The difference

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I havent done either, but i think, unless i got my karates confused (which i do) the former mixes a little of juitsu into it and has a bigger focus on internal training and that sort of thing than shotokan.

thats what i have been told/read the diffrence as being or what makes Goju Ryu special. or the one i may have mistook for it.


Edit: i always get Wado Ryu and Goju Ryu confused. But i think they both have a bigger internal focus than shotokan.
 
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Eric Damon Rapier

Eric Damon Rapier

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Thank you for your input. As you can tell I'm new and feel like a kid in a MA candy store. I have questions on top of questions. Thank you all for having patience with me.
 

Headhunter

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All styles are different in different ways. Even the same style can have differences depending on the instructor. You could drive yourself mad comparing this style and that style and hey there's no harm in looking around and experimenting at all. It's what I'm doing now just looking at any that takes my interest and seeing the different methods. But for a begginer you should just take one and get yourself to a good level at that first so at least you have a base in something
 

Mitlov

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It's like the difference between vanilla bean and French vanilla ice cream. In isolation, they can seem different, but compared to strawberry ice cream, or a cookie, they seem very very similar.

Goju is slightly more circular in movement; Shotokan is slightly more linear in movement and has lower, deeper stances. The biggest difference is their forms; the two styles have a completely different catalog of forms from each other. But in the big picture of martial arts from wrestling to wing chun, they're nearly identical.
 

isshinryuronin

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It's like the difference between vanilla bean and French vanilla ice cream. In isolation, they can seem different, but compared to strawberry ice cream, or a cookie, they seem very very similar.

Goju is slightly more circular in movement; Shotokan is slightly more linear in movement and has lower, deeper stances. The biggest difference is their forms; the two styles have a completely different catalog of forms from each other. But in the big picture of martial arts from wrestling to wing chun, they're nearly identical.
Your 1st 2 sentences are correct. Goju, like other Okinawan styles, has a strong southern Chinese influence. Originally, they were combat oriented and utilized joint locks, breaks, vital point attacks, and other nasty techniques which were incorporated into their forms. When Funakoshi and Itosu adapted Karate for the public school system in Okinawa and Japan in the early 1900's, these dangerous techniques were removed and the forms were simplified and became more regimented in the Japanese way. This new style became Shotokan. Shotokan and old Okinawan karate do share some forms, though they appear somewhat different due to the modifications (Japanization) as mentioned above. They are more different than French and vanilla bean - more like vanilla and chocolate fudge swirl. Much information is available on the history and evolution of karate on-line and in several good books.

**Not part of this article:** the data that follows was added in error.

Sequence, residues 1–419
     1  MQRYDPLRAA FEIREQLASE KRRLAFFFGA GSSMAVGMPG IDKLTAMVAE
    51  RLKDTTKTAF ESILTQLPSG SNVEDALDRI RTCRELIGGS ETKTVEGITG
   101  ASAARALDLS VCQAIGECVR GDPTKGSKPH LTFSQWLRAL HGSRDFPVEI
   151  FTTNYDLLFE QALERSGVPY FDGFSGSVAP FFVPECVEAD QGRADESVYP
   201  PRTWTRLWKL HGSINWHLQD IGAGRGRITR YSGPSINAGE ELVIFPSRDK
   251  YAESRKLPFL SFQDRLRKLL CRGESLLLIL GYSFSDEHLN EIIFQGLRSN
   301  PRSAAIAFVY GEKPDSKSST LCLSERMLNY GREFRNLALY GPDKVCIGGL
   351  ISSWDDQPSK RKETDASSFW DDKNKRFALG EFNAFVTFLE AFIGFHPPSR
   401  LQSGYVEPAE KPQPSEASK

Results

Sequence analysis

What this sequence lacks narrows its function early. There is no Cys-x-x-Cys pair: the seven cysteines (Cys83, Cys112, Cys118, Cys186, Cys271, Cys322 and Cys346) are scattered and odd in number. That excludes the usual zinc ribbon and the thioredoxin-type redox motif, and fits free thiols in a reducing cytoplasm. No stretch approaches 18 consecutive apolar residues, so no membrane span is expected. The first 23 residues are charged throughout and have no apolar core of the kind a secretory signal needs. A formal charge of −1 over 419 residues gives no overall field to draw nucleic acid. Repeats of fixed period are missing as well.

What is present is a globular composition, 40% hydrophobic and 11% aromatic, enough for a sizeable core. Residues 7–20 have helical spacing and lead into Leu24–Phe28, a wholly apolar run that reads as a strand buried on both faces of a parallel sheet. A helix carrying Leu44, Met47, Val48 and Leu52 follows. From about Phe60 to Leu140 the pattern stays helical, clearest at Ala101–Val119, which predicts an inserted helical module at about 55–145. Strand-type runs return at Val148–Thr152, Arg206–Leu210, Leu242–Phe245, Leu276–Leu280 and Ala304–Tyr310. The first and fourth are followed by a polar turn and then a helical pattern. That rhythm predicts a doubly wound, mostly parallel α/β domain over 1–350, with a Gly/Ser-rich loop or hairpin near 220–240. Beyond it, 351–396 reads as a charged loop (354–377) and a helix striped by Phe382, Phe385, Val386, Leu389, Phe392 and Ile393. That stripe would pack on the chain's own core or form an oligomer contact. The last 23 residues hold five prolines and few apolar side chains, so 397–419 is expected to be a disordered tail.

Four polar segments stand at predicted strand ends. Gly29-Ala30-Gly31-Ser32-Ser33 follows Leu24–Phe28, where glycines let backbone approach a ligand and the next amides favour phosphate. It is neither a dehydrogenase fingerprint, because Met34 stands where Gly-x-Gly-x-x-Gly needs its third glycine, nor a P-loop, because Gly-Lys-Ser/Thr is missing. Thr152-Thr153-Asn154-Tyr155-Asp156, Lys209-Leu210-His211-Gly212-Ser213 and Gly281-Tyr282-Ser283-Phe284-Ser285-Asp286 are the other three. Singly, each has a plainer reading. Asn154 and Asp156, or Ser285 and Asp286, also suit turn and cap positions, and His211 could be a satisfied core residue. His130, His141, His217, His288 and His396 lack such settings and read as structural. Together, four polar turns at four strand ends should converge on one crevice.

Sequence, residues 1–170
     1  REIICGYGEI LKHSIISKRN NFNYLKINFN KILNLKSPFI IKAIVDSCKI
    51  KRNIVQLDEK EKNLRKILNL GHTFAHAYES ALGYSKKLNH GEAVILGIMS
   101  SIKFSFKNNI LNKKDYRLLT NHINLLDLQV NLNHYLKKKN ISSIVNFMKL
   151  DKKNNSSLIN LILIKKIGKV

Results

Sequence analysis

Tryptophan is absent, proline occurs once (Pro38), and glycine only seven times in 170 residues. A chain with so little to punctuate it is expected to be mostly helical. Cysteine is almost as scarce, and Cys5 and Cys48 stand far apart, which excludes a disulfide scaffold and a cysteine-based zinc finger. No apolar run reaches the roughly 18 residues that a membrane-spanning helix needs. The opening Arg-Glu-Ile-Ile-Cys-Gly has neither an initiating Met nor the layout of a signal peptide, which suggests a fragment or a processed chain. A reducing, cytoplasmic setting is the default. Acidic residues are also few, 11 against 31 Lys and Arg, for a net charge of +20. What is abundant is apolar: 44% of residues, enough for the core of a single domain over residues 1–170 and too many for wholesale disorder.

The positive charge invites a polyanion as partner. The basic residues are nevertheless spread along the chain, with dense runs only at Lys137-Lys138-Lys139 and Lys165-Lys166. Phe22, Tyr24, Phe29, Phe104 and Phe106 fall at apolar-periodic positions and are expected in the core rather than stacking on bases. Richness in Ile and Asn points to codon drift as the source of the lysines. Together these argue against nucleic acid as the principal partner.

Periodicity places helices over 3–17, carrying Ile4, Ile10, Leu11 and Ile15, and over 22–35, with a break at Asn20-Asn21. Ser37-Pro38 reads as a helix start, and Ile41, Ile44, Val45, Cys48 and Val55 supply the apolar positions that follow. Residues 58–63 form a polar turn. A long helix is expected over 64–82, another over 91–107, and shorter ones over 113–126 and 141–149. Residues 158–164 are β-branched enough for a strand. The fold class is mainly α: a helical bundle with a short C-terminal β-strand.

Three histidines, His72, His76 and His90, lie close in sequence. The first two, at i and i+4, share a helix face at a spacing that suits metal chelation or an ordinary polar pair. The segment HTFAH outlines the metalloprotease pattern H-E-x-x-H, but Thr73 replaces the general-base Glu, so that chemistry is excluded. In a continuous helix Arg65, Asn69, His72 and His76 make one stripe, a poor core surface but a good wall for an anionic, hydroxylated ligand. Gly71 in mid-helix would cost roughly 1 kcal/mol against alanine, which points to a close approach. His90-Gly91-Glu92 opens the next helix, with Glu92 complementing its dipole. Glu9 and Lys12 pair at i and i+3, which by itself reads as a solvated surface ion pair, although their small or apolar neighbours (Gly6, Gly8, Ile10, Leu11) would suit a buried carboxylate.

Mitlov

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Your 1st 2 sentences are correct. Goju, like other Okinawan styles, has a strong southern Chinese influence. Originally, they were combat oriented and utilized joint locks, breaks, vital point attacks, and other nasty techniques which were incorporated into their forms. When Funakoshi and Itosu adapted Karate for the public school system in Okinawa and Japan in the early 1900's, these dangerous techniques were removed and the forms were simplified and became more regimented in the Japanese way. This new style became Shotokan. Shotokan and old Okinawan karate do share some forms, though they appear somewhat different due to the modifications (Japanization) as mentioned above. They are more different than French and vanilla bean - more like vanilla and chocolate fudge swirl. Much information is available on the history and evolution of karate on-line and in several good books.

The one thing I don't like about the "Goju has dangerous techniques; Shotokan doesn't" is that that distinction characterizes Shotokan as a single thing, a snapshot in time, in just one context, about a hundred years ago. And Shotokan, perhaps more than any other karate style right now, can be radically different things depending on which school you go to.